I talk to many inexperienced WordPress site owners about site security. People understand there’s a risk their site will be hacked, and they want to do whatever they can to make it secure, but they often don’t understand the scope of the risk and what’s required of them if their site is to stay safe.

Keeping a WordPress site secure isn’t difficult, but without an understanding of the basics, it’s easy to make mistakes. I’d like to have a look at five of the most common security misconceptions I’ve heard from new WordPress site owners and explain why experienced site owners think differently.


1. WordPress Updates are Optional

Unless you’re a developer, you may think software updates exist just to add new features to applications. In many cases, that’s true. When your iPhone nags you to update, it’s a fair bet that things are going to change. It’s the same in the WordPress world: updates mean changes and often new features.

But updates have another important job: they fix security vulnerabilities. Security vulnerabilities are caused by mistakes in the code. Updates fix those mistakes. If you don’t install updates when they’re released, your site is vulnerable. Updates should be installed as soon as possible, even if you don’t care about new features.


2. A Good Password is Enough to Keep Your Site Secure

I’m going to assume you know enough not to use a password like “password” or “ilovematt” on your WordPress site. Passwords like this take fractions of a second for hackers to guess.

But even if you and everyone who uses your site has a hard-to-guess password (which they probably don’t), you should consider using two-factor authentication. Two-factor authentication is the easiest way to make your WordPress site much more secure.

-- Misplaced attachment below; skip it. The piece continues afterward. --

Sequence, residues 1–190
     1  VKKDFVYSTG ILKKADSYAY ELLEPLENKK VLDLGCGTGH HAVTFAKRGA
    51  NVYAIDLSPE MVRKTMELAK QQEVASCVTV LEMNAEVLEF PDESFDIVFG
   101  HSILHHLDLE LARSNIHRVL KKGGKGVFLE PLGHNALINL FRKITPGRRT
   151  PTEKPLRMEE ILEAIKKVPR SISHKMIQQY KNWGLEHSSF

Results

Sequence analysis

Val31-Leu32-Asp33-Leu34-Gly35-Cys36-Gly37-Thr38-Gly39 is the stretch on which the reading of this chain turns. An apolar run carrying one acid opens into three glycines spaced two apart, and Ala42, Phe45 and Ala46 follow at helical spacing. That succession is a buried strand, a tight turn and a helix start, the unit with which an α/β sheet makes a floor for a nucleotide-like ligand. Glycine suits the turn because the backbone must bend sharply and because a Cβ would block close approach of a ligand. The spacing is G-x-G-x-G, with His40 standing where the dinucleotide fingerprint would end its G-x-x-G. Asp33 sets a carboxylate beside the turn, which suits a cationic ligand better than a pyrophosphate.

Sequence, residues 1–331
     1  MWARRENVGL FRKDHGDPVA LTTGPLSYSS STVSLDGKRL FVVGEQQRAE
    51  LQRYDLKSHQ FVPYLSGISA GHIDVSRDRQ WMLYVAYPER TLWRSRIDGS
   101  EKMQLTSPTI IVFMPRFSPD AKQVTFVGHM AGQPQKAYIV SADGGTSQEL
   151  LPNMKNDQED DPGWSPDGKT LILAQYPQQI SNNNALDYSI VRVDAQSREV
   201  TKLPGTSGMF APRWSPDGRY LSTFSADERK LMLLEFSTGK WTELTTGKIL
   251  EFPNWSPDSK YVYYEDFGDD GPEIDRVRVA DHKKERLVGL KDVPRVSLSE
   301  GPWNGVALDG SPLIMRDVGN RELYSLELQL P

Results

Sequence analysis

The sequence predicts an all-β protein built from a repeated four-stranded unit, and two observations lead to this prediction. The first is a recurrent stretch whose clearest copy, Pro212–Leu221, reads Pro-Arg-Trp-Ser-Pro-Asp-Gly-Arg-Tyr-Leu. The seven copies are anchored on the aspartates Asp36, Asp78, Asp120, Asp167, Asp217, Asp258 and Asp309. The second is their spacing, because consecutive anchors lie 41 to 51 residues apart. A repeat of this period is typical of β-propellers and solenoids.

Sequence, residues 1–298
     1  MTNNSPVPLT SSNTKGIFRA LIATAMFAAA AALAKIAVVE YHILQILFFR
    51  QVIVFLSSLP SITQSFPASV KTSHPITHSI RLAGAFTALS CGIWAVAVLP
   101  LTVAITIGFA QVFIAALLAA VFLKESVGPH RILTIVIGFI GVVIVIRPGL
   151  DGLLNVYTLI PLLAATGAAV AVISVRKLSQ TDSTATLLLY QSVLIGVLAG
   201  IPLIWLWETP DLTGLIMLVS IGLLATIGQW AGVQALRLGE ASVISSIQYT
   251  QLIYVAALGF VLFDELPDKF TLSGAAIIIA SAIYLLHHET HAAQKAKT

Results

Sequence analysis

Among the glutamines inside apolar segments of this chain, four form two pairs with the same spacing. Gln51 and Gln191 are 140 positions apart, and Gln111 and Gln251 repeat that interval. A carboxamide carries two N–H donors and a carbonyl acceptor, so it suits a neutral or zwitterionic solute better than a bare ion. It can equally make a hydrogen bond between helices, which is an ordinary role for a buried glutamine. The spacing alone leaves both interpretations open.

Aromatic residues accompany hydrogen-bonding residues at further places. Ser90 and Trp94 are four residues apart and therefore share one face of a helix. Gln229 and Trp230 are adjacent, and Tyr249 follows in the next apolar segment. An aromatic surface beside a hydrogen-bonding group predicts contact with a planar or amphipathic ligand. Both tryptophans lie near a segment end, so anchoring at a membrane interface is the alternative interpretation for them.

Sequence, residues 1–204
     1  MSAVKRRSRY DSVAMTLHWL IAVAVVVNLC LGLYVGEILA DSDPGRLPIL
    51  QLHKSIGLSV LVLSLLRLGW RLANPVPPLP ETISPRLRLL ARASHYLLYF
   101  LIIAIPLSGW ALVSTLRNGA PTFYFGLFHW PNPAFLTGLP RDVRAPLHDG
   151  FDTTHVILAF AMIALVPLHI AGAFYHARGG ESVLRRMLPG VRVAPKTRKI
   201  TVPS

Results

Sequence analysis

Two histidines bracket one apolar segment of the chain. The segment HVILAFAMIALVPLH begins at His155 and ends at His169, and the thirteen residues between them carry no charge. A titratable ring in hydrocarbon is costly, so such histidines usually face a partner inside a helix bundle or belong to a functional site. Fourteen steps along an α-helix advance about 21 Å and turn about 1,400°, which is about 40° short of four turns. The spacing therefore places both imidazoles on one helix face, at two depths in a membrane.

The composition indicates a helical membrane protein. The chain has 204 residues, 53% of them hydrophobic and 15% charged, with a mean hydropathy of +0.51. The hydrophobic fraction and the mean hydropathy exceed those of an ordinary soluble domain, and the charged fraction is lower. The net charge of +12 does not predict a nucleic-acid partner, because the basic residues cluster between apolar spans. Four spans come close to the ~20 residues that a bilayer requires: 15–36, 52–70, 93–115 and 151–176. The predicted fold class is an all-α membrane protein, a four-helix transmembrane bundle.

3. If My Site was Hacked, I’d Know About It

On the contrary, if your site has been hacked, you’ll probably see nothing different. Online criminals play the long game. They don’t want to steal your data or deface your site immediately: they want to infect your site’s users with malware and use its bandwidth and storage for as long as possible.

Criminals are sneaky; they go to great lengths to hide their malware. You can’t assume that everything is fine because it looks fine. If you want to be confident that your site is clear of malware and backdoors, use a malware scanning service like Sucuri or Wordfence.


4. My Site is Too Small to Interest Hackers

Criminals are interested in your site regardless of how many visitors it receives. The more users, the better, but every site on the web has resources that criminals can use for DDoS attacks and other nefarious activities. They scan the web looking for vulnerable sites, including sites that have never received a single visitor and sites that haven’t even completed the installation process. Being small is no guarantee of security.


5. WordPress is an Insecure CMS

All this might make you think that WordPress is inherently insecure. In fact, that’s not the case. Any software on the web is potentially vulnerable, and that includes all content management systems. But if you look after your WordPress site, follow the security best practices I’ve mentioned in this article, and take sensible precautions, your WordPress site could be on the web for many years without ever falling prey to criminals.


Editor’s Note: This blog article was written by an outside contributor – a guest blogger – for the purpose of offering a wider variety of content for our readers. However, the opinions and recommendations expressed in this guest blog are solely those of the contributor, and do not necessarily reflect those of The Security Awareness Company, LLC. If you are interested in writing something for us, please do not hesitate to contact us: blog@thesecurityawarenesscompany.com.

Graeme Caldwell

Writer and Content Marketer at Nexcess
Graeme is a writer and content marketer at Nexcess, a global provider of hosting services, who has a knack for making tech-heavy topics interesting and engaging to all readers. His articles have been featured on top publications across the net, from TechCrunch to TemplateMonster. For more content, visit the Nexcess blog and give them a follow at @nexcess.